Official Says Interreligious Dialogue "a Preventive Medicine"

Archbishop Fitzgerald Proposes It to Help Avoid Conflicts

Print Friendly, PDF & Email
Share this Entry

ROME, MAY 17, 2004 ( In an increasingly pluralist world, dialogue should be regarded as a means to reinforce the bond between religions and to avoid conflicts, says a Vatican official.

Archbishop Michael Fitzgerald, president of the Pontifical Council for Interreligious Dialogue, made that suggestion as the dicastery was beginning its plenary assembly. The assembly ends Wednesday.

«It was Paul VI who in Pentecost of 1964 announced the institution of this organization of the Holy See for relations with other religions,» the British archbishop told Vatican Radio last Friday. This move was «an expression of the new vision of the Church … which must be in dialogue with everyone.»

There is «a new awareness of the importance of this dialogue,» Archbishop Fitzgerald said. «The world has changed, especially the Western world has become pluralist, and this gives importance to these relations that must be established between Catholics — between Christians in general and persons of other religions, also to foster peace in the world.»

«And we have seen this with John Paul II, who, following the impetus of the Council, invited religious leaders to Assisi in October 1986 to pray for peace,» he said. That meeting «had a huge impact on the dialogue with other religions.»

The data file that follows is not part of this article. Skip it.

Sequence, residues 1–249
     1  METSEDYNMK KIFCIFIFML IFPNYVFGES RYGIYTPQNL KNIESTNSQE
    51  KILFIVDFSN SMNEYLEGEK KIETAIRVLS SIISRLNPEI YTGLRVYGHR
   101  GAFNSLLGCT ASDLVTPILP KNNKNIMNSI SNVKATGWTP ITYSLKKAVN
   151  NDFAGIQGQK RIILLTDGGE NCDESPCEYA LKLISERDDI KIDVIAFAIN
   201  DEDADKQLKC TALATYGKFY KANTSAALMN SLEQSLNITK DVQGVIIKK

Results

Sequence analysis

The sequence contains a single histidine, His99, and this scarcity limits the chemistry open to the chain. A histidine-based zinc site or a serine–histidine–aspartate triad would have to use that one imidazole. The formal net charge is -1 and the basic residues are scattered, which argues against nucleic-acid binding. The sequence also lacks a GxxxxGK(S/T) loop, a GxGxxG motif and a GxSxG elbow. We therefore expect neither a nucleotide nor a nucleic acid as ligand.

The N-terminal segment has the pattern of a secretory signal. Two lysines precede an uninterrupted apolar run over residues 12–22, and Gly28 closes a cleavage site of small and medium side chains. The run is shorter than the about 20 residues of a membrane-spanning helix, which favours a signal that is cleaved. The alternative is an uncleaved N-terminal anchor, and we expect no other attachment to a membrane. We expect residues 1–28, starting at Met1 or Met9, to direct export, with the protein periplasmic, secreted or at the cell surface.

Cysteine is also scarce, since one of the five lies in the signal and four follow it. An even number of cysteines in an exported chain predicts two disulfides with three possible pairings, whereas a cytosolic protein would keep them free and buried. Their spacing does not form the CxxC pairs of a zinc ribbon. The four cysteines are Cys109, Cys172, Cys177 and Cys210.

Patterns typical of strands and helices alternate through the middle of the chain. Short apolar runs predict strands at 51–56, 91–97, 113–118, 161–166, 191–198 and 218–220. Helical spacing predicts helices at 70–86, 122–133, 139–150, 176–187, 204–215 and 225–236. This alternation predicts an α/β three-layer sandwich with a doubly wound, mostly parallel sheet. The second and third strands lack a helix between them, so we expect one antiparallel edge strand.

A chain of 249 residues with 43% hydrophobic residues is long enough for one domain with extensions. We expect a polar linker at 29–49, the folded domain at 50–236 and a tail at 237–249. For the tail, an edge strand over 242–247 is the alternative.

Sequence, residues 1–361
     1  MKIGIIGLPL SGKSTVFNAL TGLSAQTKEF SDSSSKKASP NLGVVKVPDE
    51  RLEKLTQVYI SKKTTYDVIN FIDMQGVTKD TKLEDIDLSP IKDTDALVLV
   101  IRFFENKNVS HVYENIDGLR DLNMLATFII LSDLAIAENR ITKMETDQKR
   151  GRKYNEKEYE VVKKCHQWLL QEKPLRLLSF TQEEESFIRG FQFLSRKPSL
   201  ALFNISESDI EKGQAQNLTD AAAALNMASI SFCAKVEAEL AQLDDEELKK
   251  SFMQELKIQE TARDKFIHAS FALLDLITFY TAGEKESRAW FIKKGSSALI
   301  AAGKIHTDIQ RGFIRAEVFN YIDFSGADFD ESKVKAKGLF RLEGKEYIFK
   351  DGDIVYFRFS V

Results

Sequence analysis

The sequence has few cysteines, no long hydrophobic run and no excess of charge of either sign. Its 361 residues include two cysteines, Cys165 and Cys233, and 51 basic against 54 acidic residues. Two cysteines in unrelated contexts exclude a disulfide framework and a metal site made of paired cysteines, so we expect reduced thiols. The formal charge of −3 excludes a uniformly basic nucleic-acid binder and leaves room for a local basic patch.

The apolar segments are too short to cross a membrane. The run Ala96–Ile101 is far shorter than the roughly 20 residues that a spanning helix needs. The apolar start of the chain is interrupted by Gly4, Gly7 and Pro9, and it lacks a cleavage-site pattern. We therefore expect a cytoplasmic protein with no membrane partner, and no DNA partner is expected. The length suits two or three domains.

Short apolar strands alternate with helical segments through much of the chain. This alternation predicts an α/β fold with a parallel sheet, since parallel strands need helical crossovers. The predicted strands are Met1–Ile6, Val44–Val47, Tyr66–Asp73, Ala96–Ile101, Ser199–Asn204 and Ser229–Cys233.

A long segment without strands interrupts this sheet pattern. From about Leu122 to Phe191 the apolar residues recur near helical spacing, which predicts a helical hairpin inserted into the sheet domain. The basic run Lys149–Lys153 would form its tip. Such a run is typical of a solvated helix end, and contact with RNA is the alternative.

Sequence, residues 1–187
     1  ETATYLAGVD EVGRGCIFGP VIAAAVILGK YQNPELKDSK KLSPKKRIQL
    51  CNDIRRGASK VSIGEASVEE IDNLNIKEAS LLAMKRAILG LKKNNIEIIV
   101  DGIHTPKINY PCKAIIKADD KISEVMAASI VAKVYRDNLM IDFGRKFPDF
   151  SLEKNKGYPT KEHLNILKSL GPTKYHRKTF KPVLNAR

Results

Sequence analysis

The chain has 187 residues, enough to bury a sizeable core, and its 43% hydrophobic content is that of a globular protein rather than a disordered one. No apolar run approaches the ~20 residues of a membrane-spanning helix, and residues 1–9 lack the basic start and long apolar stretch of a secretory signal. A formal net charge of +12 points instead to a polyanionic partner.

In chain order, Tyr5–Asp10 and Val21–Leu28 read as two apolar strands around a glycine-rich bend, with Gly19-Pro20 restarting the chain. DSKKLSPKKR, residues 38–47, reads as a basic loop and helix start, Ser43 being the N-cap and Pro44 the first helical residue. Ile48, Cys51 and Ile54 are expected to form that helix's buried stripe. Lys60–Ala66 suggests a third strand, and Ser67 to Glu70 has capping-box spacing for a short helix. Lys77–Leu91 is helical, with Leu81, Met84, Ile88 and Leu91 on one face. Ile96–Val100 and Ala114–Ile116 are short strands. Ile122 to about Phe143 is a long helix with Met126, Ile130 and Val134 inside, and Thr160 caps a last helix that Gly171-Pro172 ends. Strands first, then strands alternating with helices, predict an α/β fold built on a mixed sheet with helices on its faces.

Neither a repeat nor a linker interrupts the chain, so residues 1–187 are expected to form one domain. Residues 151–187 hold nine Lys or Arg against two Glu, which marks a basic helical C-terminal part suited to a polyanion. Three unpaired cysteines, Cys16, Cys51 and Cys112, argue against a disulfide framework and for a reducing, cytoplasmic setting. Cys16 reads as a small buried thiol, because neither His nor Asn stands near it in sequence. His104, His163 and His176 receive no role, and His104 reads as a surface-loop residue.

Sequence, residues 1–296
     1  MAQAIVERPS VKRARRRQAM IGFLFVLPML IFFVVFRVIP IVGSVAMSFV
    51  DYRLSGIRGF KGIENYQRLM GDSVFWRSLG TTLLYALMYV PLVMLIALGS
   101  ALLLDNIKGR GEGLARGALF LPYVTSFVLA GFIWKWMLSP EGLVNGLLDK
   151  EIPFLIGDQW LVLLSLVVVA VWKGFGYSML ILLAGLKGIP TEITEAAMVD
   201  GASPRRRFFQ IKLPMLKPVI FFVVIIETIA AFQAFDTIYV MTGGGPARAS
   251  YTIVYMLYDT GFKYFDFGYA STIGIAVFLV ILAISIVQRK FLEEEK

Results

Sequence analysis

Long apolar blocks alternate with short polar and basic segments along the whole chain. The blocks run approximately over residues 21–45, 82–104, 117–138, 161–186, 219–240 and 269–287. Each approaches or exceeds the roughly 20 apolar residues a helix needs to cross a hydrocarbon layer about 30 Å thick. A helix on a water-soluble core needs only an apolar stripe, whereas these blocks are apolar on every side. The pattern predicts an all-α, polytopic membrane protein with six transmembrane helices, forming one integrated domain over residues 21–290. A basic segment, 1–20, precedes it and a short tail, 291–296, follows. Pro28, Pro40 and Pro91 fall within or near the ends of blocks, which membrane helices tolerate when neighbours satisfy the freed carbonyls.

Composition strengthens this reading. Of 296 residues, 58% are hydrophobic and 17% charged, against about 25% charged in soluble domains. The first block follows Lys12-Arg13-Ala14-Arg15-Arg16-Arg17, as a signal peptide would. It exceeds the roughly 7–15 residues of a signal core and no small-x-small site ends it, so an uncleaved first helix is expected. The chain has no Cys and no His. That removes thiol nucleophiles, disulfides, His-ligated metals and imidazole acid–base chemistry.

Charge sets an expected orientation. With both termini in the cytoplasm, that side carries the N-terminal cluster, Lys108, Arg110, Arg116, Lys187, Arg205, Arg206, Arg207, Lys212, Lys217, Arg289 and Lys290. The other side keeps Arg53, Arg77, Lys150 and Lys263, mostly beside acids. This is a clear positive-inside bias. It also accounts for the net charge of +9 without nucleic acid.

In the international context and in the light of the «confrontations which are not necessarily of religious origin but which assume a religious hue,» the archbishop suggested that dialogue be regarded to a degree «as a preventive rather than curing medicine.»

Dialogue «should reinforce the bond between religious communities, so that they are able to resist elements that come from outside, which can put these communities in conflict with one another,» he explained.

The Vatican official pointed out that «politicians are now interested in religion, but I think more out of a need for control.» Although politicians’ interest «is, on one hand, positive,» it also represents «a danger,» he cautioned.

Regarding the question of harmonization between the need for dialogue and the duty to proclaim the Gospel, Archbishop Fitzgerald recalled that «the Pope has said that interreligious dialogue forms part of the evangelizing mission of the Church; therefore, it is a task of the Church.»

He added: «I would say that it is an expression of the love of God for persons and a form of respect for their freedom.»

Print Friendly, PDF & Email
Share this Entry


Support ZENIT

If you liked this article, support ZENIT now with a donation